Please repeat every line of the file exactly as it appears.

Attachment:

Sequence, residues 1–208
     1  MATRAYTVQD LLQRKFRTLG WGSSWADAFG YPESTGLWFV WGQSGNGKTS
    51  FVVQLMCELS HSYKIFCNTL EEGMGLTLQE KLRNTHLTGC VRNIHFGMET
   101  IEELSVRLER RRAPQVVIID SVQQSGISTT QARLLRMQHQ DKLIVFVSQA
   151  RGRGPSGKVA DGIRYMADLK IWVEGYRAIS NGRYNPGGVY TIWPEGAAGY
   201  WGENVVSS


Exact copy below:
Sequence, residues 1–208
     1  MATRAYTVQD LLQRKFRTLG WGSSWADAFG YPESTGLWFV WGQSGNGKTS
    51  FVVQLMCELS HSYKIFCNTL EEGMGLTLQE KLRNTHLTGC VRNIHFGMET
   101  IEELSVRLER RRAPQVVIID SVQQSGISTT QARLLRMQHQ DKLIVFVSQA
   151  RGRGPSGKVA DGIRYMADLK IWVEGYRAIS NGRYNPGGVY TIWPEGAAGY
   201  WGENVVSS